Hirst’s flagship exhibition flounces on
Reviewing a Damien Hirst show is an awkward and tiresome task, because the two easiest arguments to make against him would mimic two of Hirst’s very own worst features.
It is possible to write an entirely negative review, as most critics tend to. The Evening Standard’s deeply respected Brian Sewell recently described Hirst as “polished shit”. However, this would add nothing to the general pool of ideas and simply repeat an already over-worked idea – much as the work of Damien Hirst does. Secondly, it would be possible to fawn over Hirst as a great modern artist and deeply scrutinise the themes of his work: life, death and the dualities of beauty and horror. This would imitate Hirst in an even more frustrating way. It is difficult, then, not to criticise Hirst without becoming a hypocrite.
Hirst is an excellent manufacturer of expensive products and an even more astute marketing man. Owning a Hirst could be seen as the same as owning an expensive piece of designer furniture. For the general populous (who are not the target market of his products), visiting his exhibition has the feel of an overpriced and disappointing amusement park. This is particularly true at the Tate Modern’s current exhibition in London, where dullish queues form around the most ghoulish exhibits, Mother and Child Divided and The In and Out of Love(aka The Cow Cut in Half and The Room Full of Butterflies).
The question is why Damien Hirst feels the need to constantly justify his repetitive and under-developed concepts. If Hirst were to admit art has become so interconnected with fashion and consumerism that this very fact can make for an interesting examination, many critics would have a lot more time for him. It would seem, though, that Damien Hirst at least believes in his own justifications and is incapable of seeing the recycled nature of his repeatedly reworked pieces. And it’s hardly surprising; what student artist has the income to construct giant tanks of formaldehyde? Hirst must have enjoyed a large following of very wealthy patrons in his early career. One can hardly blame him for having a warped self-image. Nothing like money to create a God complex, after all.
The Tate have succeeded in curating an exhibition that, in its organisation at least, seems to offer some view to the development of Damien Hirst’s career. Room 1 includes the first ever “spot painting” from 1986, followed up by a number of these mass-produced (most of these works are made by Hirst’s assistants) pieces throughout the exhibition. Rooms 2 and 3 astutely juxtapose Hirst’s pharmaceutical collections the Medicine Cabinets with A Thousand Years and The Physical Impossibility of Death in the Mind of Someone Living.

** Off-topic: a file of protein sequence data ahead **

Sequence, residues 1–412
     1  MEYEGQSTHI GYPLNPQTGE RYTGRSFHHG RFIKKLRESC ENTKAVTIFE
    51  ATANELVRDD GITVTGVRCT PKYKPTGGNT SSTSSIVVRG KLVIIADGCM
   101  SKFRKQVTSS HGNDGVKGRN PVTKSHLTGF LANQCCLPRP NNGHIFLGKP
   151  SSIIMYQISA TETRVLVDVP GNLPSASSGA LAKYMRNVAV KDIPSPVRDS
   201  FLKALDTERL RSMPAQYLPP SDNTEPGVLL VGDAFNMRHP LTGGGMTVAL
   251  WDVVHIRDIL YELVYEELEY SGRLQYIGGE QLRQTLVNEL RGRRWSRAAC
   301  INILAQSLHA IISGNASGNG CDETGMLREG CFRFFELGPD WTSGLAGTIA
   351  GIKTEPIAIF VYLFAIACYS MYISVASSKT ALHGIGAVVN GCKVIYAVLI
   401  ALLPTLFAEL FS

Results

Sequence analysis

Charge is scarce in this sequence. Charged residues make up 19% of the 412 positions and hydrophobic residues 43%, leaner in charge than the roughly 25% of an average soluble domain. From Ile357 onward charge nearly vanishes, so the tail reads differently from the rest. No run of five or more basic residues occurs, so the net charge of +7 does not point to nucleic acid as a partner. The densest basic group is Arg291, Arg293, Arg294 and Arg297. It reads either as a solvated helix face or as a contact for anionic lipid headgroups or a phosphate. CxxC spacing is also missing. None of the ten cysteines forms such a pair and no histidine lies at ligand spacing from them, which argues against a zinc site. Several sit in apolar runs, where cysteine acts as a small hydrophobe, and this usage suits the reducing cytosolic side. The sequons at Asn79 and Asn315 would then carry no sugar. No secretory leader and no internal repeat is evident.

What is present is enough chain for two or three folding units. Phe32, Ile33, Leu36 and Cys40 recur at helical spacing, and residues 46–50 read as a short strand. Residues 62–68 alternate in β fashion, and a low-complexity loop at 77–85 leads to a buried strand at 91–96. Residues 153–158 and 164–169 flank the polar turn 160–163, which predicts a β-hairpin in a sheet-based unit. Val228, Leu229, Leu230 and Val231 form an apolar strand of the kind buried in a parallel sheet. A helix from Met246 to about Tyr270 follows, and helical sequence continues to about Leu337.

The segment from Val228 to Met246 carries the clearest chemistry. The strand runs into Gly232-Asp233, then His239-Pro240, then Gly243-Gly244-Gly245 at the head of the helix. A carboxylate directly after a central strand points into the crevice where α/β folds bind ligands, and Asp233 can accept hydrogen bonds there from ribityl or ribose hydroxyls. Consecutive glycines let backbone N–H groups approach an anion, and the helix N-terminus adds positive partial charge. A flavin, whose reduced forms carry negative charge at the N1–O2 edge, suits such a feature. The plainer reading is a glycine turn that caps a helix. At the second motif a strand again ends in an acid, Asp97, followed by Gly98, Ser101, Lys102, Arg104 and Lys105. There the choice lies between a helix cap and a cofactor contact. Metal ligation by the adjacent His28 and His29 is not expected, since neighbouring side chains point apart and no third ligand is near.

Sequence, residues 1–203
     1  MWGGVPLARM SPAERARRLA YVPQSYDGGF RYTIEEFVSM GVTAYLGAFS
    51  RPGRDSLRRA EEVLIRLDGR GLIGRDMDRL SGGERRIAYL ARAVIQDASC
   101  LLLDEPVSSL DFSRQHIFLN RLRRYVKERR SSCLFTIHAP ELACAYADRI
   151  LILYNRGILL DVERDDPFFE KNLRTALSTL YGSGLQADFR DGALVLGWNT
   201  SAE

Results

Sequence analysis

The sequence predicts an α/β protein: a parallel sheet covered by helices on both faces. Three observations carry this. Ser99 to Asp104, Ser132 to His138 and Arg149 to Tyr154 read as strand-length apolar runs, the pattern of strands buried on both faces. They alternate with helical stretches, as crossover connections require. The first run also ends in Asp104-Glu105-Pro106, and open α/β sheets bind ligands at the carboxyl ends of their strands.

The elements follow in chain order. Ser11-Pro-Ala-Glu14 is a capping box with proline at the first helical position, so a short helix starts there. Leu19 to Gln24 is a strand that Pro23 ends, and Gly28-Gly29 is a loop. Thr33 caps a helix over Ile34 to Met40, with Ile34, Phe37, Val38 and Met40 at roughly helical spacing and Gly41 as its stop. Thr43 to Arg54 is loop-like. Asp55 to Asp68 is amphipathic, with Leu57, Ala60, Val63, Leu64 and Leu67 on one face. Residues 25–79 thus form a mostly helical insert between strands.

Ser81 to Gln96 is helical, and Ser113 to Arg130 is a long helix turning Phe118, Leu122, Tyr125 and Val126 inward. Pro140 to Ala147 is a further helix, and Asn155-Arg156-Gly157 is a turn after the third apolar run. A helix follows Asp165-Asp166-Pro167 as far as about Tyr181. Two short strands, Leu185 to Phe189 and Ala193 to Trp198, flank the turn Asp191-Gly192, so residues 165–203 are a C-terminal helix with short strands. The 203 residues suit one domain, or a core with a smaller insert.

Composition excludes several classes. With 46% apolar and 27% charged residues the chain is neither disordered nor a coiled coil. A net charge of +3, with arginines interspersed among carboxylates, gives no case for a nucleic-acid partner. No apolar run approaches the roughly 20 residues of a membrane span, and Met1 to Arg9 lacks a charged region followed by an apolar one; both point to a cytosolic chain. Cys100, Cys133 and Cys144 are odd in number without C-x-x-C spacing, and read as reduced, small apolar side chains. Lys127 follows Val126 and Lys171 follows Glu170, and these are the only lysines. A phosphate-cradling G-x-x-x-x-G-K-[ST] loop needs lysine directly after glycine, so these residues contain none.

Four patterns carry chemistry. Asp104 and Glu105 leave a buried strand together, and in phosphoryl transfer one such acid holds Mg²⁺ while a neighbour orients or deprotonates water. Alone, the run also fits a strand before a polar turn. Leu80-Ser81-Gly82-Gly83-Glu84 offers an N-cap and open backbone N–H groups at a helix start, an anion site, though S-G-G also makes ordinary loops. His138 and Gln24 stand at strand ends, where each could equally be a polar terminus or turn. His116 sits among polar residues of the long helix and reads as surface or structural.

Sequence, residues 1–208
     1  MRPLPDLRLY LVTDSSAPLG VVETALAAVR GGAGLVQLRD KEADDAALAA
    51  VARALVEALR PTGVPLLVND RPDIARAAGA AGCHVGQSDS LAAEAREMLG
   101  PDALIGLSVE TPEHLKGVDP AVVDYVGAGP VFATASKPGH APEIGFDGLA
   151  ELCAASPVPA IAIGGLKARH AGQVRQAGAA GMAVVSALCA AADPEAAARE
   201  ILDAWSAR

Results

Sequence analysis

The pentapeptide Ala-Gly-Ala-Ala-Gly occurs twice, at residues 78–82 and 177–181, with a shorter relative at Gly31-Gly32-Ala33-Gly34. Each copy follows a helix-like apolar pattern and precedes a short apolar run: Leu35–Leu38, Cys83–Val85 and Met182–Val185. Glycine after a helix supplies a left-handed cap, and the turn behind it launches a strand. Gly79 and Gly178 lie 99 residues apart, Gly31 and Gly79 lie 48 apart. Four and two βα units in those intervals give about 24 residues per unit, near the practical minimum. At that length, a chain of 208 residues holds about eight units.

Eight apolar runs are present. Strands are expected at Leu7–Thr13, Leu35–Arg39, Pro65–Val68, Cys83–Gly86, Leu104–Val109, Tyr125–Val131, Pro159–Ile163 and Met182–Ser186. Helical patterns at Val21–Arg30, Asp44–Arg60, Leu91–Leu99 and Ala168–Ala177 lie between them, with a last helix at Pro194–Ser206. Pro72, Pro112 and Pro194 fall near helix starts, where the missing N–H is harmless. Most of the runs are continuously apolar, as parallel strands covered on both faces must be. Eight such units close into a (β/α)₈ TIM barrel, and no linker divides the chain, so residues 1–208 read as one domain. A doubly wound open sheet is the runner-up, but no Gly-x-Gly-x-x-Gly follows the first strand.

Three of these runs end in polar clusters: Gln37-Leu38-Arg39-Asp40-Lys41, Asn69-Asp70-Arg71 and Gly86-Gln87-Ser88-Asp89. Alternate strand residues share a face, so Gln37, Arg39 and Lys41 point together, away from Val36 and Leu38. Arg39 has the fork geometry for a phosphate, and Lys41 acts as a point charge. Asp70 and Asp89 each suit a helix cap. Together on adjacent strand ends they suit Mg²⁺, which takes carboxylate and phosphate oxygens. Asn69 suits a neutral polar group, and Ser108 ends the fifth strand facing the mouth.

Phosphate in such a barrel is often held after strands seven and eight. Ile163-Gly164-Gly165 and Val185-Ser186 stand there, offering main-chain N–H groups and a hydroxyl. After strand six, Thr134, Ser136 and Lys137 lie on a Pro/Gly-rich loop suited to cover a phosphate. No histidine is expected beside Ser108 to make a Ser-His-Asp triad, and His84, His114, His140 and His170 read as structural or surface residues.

A Thousand Years is Hirst’s first vitrine work, in which the life-cycle of flies plays out from egg to maggot to fly to death, around a skinned cow’s head. The Physical Impossibility of Death in the Mind of Someone Living is essentially a scaled-up, pricier version of The Kingdom – the first a great white, the second a tiger shark suspended in Hirst’s signature tanks, appropriately made specifically for advertising master-mind Charles Saatchi. So, medical science is a fallacy; we can’t escape death. We get it. As the exhibition goes on, The Anatomy of an Angelin Room 11 hints at this idea being extended to religion and by Room 13 the same point seems to be made sardonically about wealth (the first apparent nod from Hirst towards the vacuous nature of his own work).
However, there is so much sheer repetition throughout that it can’t be hidden away for long. Lullaby and Dead Ends Die Out mimic the exact processes of the spot paintings – the paradox of control in process to create an uncontrolled aesthetic. Like the sharks, Beautiful in My Mind Foreversimply injects expense to an identical process. Things lined up, things alive in tanks, things dead in tanks, spots. This has taken Hirst over 30 years to develop – it becomes easy to see where Sewell’s bitterness comes from.
Damien Hirst’s overblown justifications are all a part of the pitch. The fact of the matter is, his work sells and his shows sell out. Perhaps this is why his ideas, processes and aesthetic have been endlessly recycled since he was a student. Coca-Cola haven’t changed their packaging much since 1915, so why should Hirst?
Damien Hirst: Tate Modern, London, 4th April – 9th September 2012. More information here.